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Nanoscale manipulation of membrane curvature for probing endocytosis in live cells

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Abstract

Clathrin-mediated endocytosis (CME) involves nanoscale bending and inward budding of the plasma membrane, by which cells regulate both the distribution of membrane proteins and the entry of extracellular species1,2. Extensive studies have shown that CME proteins actively modulate the plasma membrane curvature1,3,4. However, the reciprocal regulation of how the plasma membrane curvature affects the activities of endocytic proteins is much less explored, despite studies suggesting that membrane curvature itself can trigger biochemical reactions5,6,7,8. This gap in our understanding is largely due to technical challenges in precisely controlling the membrane curvature in live cells. In this work, we use patterned nanostructures to generate well-defined membrane curvatures ranging from +50 nm to −500 nm radius of curvature. We find that the positively curved membranes are CME hotspots, and that key CME proteins, clathrin and dynamin, show a strong preference towards positive membrane curvatures with a radius <200 nm. Of ten CME-related proteins we examined, all show preferences for positively curved membrane. In contrast, other membrane-associated proteins and non-CME endocytic protein caveolin1 show no such curvature preference. Therefore, nanostructured substrates constitute a novel tool for investigating curvature-dependent processes in live cells.

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Figure 1: Vertical nanopillars generate well-defined membrane curvatures that induce local accumulation of endocytic proteins.
Figure 2: Engineered 3D nanostructures for versatile control of membrane curvatures and endocytic protein accumulations.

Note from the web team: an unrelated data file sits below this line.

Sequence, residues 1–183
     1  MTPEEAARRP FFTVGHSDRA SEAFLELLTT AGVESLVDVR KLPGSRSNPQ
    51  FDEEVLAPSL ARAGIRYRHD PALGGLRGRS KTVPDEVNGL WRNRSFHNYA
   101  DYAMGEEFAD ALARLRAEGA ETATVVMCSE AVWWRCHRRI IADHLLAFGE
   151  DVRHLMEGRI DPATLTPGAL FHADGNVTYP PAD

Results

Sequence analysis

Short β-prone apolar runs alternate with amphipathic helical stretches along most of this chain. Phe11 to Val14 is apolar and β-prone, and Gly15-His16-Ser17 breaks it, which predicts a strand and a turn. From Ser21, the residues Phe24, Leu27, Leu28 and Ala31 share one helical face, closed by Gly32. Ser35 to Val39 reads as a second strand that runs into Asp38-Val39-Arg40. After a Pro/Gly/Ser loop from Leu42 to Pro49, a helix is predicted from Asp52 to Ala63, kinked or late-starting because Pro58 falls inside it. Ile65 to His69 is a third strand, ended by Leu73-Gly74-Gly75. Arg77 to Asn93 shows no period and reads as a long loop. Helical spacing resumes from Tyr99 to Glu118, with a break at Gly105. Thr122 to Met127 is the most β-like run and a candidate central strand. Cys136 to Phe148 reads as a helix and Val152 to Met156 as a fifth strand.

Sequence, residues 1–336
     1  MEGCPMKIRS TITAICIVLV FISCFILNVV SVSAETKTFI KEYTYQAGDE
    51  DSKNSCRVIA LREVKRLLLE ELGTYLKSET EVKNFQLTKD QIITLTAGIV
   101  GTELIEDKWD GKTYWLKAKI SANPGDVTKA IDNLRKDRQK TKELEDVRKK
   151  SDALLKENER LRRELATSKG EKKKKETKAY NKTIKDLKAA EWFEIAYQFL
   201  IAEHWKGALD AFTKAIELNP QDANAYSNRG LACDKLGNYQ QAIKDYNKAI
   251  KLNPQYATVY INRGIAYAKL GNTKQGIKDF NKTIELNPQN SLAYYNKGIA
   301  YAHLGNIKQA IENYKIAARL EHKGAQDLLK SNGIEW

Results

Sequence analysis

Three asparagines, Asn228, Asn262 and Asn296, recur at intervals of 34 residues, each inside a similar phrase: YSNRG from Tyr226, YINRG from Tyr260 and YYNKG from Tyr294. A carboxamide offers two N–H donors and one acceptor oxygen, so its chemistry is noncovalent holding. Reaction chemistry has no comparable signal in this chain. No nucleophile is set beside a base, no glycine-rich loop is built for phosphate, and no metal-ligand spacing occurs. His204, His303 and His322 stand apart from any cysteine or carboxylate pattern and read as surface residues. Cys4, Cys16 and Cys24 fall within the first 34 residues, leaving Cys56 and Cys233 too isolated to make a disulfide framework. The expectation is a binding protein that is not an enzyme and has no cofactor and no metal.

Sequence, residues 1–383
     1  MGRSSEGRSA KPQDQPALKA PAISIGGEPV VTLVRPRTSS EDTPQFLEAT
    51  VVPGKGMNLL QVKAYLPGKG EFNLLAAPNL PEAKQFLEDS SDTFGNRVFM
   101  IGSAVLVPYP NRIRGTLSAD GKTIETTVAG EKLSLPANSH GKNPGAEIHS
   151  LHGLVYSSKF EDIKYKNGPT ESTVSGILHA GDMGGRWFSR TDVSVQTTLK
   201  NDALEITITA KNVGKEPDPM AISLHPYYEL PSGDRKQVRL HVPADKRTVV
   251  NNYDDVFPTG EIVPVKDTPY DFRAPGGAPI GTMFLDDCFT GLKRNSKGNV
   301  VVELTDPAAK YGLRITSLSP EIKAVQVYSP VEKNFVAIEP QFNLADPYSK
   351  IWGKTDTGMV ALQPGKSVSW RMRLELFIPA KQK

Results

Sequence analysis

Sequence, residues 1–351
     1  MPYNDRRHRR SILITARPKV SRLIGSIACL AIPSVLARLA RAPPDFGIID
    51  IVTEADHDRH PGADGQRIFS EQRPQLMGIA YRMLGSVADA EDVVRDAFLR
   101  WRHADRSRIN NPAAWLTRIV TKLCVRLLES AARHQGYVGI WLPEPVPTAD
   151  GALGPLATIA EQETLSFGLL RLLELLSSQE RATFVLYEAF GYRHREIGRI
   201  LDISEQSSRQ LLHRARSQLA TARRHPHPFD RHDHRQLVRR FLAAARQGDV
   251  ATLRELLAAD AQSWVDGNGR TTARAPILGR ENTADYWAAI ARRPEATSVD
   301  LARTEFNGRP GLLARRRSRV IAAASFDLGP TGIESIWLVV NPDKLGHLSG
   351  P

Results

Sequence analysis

Figure 3: Probing curvature sensitivity of various endocytic proteins using nanobar arrays.
Figure 4: Pre-curved membranes are preferred sites for endocytosis.

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Acknowledgements

We thank Y. Miao and S.H. Hong of the D.G.D. group in UC Berkeley for valuable discussion as well as helpful comments on genome-edited cell lines and endocytic lifetime analysis; K. Shen in Stanford for generous support on spinning disk confocal microscopy, M. Galic of the T. Meyer group in Stanford for suggestions and amphiphysin1-YFP plasmid; S. Guo of the B.C. group for constructing mCherry-CAAX plasmid, as well as A. McGuire, C. Xie and Z. Lin of the B.C. group in Stanford for advice and help on the nanostructure fabrication. We also thank Q. Ong and L. Kaplan of the B.C. group for comments on the manuscript. Fabrication and characterization of nanostructures were conducted in Stanford Nanofabrication Facility (SNF) and Stanford Nano Shared Facilities (SNSF). Spinning disk confocal with perfect focus for lifetime measurement was conducted in Cell Science Imaging Facility (CSIF) at Stanford University. This work was supported by the National Science Foundation (CAREER award no. 1055112), the National Institutes of Health (NIH; grant no. NS057906), a Searle Scholar award, a Packard Science and Engineering Fellowship (to B.C.), NIH fellowship 1F32 GM113379-01A1 (to J.R.M.), Studying Abroad Scholarship (to H.-Y. L.), Arnold O. Beckman Postdoctoral Fellowship (to M.A.), Heart Rhythm Research Fellowship (to F.S.) and the NIH grant R35GM118149 (to D.G.D.).

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Contributions

W.Z., B.C., Y.C. and D.G.D conceived the study and designed the experiment. W.Z. fabricated the nanostructure substrates, and performed most of experiments. L.H. performed TEM measurements. F.S. conducted the FIB-SEM characterization. H.-Y.L. performed most of the endocytic protein test on nanobar arrays and the quantification and statistical analysis. W.Z., P.D.C. and B.C. developed the Matlab code for the dynamic analysis. W.Z. analysed most of the data. M.A. analysed the AP2/Dynamin2 movies. A.G. and J.R.M. provided and characterized the genome-edited cell line. W.Z. and B.C. wrote the manuscript. All the authors discussed the results and commented on the manuscript.

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Correspondence to David G. Drubin, Yi Cui or Bianxiao Cui.

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The authors declare no competing financial interests.

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Zhao, W., Hanson, L., Lou, HY. et al. Nanoscale manipulation of membrane curvature for probing endocytosis in live cells. Nature Nanotech 12, 750–756 (2017). https://doi.org/10.1038/nnano.2017.98

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